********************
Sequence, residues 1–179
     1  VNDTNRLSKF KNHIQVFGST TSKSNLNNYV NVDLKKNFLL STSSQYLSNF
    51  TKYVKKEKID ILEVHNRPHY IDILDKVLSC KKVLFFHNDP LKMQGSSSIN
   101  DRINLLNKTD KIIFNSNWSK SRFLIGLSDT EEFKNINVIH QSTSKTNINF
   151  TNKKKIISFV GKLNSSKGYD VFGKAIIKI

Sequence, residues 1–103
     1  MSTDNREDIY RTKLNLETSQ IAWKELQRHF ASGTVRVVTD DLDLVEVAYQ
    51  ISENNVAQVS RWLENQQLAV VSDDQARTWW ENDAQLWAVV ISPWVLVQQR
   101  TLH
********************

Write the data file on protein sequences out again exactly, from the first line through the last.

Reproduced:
Sequence, residues 1–179
     1  VNDTNRLSKF KNHIQVFGST TSKSNLNNYV NVDLKKNFLL STSSQYLSNF
    51  TKYVKKEKID ILEVHNRPHY IDILDKVLSC KKVLFFHNDP LKMQGSSSIN
   101  DRINLLNKTD KIIFNSNWSK SRFLIGLSDT EEFKNINVIH QSTSKTNINF
   151  TNKKKIISFV GKLNSSKGYD VFGKAIIKI

Sequence, residues 1–103
     1  MSTDNREDIY RTKLNLETSQ IAWKELQRHF ASGTVRVVTD DLDLVEVAYQ
    51  ISENNVAQVS RWLENQQLAV VSDDQARTWW ENDAQLWAVV ISPWVLVQQR
   101  TLH